There are several schools of thought, whether a specific BIM document should be created or not. The nature of construction projects usually entails the generation of volumes of documents. The outputs from the legal policy become a specific section. Other sections may include the design requirements, the project plan, the schedule, the operational requirements and outputs from other project policies. It is our opinion that the creation of 'new' documentation termed BIM document is not necessary since the employer's requirement could be utilised to provide the necessary information. It may be argued that this is traditionally a provision of construction contracts. Traditionally yes, but in our approach the employer's requirement is brought forward in the project life cycle and becomes the focal point when the models are being created. The framework is the traditional Design & Build Contract, this we modify slightly to a Design & Virtual build and physical build Contract. The "contractor" becomes the "virtual asset contractor"; the rest of the professionals became the "virtual asset sub-contractors". Subtle but important rules are also introduced, for instance the client is not only the owner of the real, but also the absolute owner of the virtual product. The deliverable is modelled data not drawings in the traditional sense.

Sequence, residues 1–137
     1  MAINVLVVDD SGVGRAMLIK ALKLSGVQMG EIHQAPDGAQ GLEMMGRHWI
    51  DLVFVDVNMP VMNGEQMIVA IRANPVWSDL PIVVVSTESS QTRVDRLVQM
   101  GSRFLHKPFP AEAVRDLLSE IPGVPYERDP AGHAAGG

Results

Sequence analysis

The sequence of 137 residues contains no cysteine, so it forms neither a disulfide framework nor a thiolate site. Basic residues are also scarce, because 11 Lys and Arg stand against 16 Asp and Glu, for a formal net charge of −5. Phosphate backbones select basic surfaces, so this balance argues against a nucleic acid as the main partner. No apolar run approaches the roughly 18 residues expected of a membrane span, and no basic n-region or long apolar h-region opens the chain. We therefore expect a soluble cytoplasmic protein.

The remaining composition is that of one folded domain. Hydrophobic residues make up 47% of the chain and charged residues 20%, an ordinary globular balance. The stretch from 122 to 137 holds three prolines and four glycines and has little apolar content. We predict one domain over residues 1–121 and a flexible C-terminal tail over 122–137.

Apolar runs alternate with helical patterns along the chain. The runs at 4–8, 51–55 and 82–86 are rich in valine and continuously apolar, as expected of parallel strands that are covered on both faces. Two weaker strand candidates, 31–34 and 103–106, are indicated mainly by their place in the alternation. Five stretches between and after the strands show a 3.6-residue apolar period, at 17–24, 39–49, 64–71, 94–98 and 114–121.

It is here the acronym BIM (building information modelling) enters the process in earnest. All other definitions aside, in our methodology the boundary of understanding is described as, "modelling the information for the building and not modelling the building for the information."
Below is a typical project framework for a legal policy where BIM is adopted. This is based on a project valued at £10M. This is typical of a framework and is scalable for larger projects.
Exhibit 1 – Legal Framework